A hearing was held in New York, N.Y. All parties were represented by counsel who filed post-hearing briefs. No jurisdictional issues are in dispute, the parties having pleaded sufficient facts to establish the Respondent is subject to the Act and the Commission has jurisdiction of the parties and of the subject matter.


Trumid Construction Company, Inc. is a New York Corporation engaged in the construction business. In March 1986 they were engaged in a pipe laying operation in Ossining, New York. The trench collapsed on one of the respondent's employees resulting in a fatality. The Compliance Officer visited the site of the work activity and accident in July 1986 and issued the citations werein based on his investigation. Since the accident and work activity occurred in March 1986 the Compliance Officer observed none of the alleged violations personally.

Citation No. 1, Item 1 - Alleged violation of 29 C.F.R.


The standard which pertains to head protection for employees provides as follows:

Employees working in areas where there is a possible danger of head injury from impact, or from the falling or flying objects, or from electrical shock and burns, shall be protected by protective helmets.

The standard at issue requires that employees "be protected by protective helmets" where there is "a possible danger of . . . injury from impact, or from falling or flying objects. . ."

The evidence demonstrates that two employees were working in a trench laying pipes without having head protection. This was known by the respondent's superintendent. The photographs show piles of excavated material along the outside of the trench - this material consisting of sand, stones and other excavated matter could slide down and strike the men working in the trench causing possible serious head injuries. Actually, part of the trench did collapse and cause the death of one of the workers. Any dislodging of material could strike men working in the trench. In short, the record supports a finding that the respondent's employees were subject to possible head injury while working in the trench and were without protective helmets. Accordingly, I find that there was a violation of 29 C.F.R. 1926.100(a).

The respondent alleges that the Secretary charged the violation of 1926.100(a) was based on possible injuries to employees working in the trench "close to an operating 225 CAT Back hoe" which was not proven and therefore requires a dismissal of this allegation. This argument is without merit. While the Secretary failed to prove that the "possible injury" could occur due to the "Back Hoe", the total evidence produced substantiates a violation of this section because of the possibility of injury as described aforesaid, and is considered an amendment of the citation and complaint to allege the presence of the other possible causes of injury to the employees working without protective helmets. See Federal Rules of Procedure, section 15(b). It is well settled that administrative proceedings are "liberally construed" and "easily amended". N.L.R.B. v. Fant Milling Co., 360 U.S. 301, 79 S. Ct. 1179, 3 L. Ed. 2d 1243 (1959); Usery v. Marquette Cement Manufacturing Co., 558 F2d 902, 906 (5 OSHC 1793, 1796) (2d Cir. 1977).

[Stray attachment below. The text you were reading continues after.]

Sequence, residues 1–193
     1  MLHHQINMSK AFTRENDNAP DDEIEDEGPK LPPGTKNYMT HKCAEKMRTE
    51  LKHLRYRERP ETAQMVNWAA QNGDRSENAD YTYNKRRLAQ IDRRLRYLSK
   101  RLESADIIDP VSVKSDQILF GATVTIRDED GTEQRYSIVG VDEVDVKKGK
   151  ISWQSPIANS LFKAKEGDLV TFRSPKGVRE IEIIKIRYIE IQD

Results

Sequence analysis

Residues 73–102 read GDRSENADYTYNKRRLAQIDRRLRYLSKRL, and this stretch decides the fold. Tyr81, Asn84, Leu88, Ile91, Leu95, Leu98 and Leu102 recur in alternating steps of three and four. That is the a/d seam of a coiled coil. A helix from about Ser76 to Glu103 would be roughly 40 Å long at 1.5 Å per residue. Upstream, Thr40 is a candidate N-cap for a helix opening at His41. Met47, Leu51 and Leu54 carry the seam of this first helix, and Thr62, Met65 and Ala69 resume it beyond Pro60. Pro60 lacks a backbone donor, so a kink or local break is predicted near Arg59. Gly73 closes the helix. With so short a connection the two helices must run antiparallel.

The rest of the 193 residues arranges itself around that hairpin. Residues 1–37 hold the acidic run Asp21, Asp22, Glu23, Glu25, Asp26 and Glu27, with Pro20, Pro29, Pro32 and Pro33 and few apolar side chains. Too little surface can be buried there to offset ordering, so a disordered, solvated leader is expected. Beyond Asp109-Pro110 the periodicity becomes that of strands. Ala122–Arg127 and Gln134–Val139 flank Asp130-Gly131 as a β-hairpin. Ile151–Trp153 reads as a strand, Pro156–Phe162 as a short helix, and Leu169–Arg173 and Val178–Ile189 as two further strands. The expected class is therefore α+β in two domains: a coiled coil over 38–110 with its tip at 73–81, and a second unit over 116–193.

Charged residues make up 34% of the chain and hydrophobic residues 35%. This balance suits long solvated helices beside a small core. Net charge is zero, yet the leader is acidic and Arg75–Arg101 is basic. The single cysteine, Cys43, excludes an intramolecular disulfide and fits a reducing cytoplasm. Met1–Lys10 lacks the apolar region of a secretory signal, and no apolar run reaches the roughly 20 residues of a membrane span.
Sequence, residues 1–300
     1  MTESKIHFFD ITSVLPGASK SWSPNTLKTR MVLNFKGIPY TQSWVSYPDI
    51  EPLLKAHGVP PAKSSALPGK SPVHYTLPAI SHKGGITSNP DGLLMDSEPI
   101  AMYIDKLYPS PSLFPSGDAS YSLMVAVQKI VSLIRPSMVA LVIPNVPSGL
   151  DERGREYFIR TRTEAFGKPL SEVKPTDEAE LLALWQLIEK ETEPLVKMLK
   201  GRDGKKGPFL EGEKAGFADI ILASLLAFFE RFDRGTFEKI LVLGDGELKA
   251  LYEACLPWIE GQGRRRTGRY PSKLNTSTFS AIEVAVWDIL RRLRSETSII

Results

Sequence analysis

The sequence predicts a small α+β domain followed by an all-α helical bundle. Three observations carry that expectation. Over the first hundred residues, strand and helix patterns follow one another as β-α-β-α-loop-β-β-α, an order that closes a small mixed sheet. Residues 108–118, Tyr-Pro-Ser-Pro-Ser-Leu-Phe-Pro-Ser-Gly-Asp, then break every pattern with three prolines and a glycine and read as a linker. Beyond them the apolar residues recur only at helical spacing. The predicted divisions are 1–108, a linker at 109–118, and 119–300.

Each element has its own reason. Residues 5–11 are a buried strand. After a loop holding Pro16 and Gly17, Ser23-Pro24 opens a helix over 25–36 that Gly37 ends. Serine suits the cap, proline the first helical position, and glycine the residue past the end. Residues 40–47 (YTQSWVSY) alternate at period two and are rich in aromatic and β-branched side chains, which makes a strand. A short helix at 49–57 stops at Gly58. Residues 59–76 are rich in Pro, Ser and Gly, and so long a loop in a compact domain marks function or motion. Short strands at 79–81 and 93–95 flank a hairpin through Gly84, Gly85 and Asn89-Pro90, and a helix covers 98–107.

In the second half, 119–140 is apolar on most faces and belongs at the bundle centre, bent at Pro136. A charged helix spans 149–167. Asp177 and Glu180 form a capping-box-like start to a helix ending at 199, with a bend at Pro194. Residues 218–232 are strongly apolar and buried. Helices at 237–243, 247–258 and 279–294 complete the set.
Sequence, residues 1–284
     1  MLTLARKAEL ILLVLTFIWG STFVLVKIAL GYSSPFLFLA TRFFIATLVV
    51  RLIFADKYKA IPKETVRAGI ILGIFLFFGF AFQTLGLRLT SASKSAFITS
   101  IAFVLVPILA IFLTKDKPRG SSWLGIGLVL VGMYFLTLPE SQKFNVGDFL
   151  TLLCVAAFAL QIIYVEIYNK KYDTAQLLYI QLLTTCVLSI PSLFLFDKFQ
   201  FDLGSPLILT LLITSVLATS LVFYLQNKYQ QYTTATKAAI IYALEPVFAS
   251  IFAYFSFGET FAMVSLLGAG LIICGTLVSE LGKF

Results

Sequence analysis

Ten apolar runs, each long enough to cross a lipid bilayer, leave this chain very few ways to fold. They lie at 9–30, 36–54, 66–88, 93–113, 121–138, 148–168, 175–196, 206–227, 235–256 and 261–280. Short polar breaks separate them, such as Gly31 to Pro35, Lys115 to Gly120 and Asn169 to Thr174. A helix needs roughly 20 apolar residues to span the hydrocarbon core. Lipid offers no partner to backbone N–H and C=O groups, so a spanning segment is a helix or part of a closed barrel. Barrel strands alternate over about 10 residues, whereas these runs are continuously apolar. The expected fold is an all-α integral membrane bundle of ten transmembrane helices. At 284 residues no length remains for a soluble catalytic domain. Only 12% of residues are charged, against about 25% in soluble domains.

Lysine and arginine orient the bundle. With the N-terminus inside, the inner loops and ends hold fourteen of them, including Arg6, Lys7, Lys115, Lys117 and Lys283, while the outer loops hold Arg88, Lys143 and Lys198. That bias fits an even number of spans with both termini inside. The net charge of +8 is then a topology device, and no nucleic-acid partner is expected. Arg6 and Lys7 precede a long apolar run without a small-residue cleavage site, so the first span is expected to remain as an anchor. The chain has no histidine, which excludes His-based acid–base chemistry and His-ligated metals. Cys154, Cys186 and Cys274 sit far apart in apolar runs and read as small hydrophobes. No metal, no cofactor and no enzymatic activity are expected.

As Professor Davis has stated, "the most important characteristic of pleadings in the administrative process is their importance. And experience shows that unimportance of pleadings is a virtue". 1 K. Davis, Administrative Law Treatise a Par. 8.04 at 523 (1958).

The respondent failed to object to the introduction of the evidence relevant to the unpleaded allegations, and it had every opportunity to meet the allegations concerning this violation. In sum, the Secretary's enlargement or amendment of the allegations concerning a violation of this section was proper and the issue not raised by the pleading was tried by implied consent. Considering the circumstances herein, and consistent with the criteria set forth in section 17(j) of the Act, a penalty of $200 is considered appropriate herein.

Citation No. 1 - Item No. 2 - Alleged Violation of 29 C.F.R. 1926.652(b)

The trenching standard at 29 C.F.R. 1926.652(b) provides:

Sides of trenches in unstable or soft material, 5 feet or more in depth, shall be shored, sheeted, braced, sloped, or otherwise supported by means of sufficient strength to protect the employees working within them. See Tables P-1, P-2 (following paragraph (g) of this section).

In order to prove non-compliance with section 1926.652(b) the Secretary must prove by a preponderance of the evidence that the sides of the trench were: (1) in unstable or soft material; (2) five feet or more in depth; and (3) not shored, sheeted, braced, sloped, or otherwise supported by means of sufficient strength to protect the employees working within them.

The three witnesses (Labella, Della-Donna and Brajas) who personally observed the condition and make up of the soil agreed that it was of a clay type. Moreover, the presence of ground water from thawing frost contributed additionally to the instability of the soil. Shimel, the Secretary's witness testified that based on his perusal of aerial photographs of the land topography in the vicinity of the trench plus interpretations made thereon by the U.S. Departments of Interior and Agriculture, the soil in the trench area was unstable; however, this opinion was watered down by his admission that the soil type could change within a short distance (500 feet) (T102). In short, the totality of the credible evidence substantiates that the soil in the trench was of a clay composition with some wetness present. Under 29 C.F.R. 1926.652(b), this type of soil is unstable, and I so find.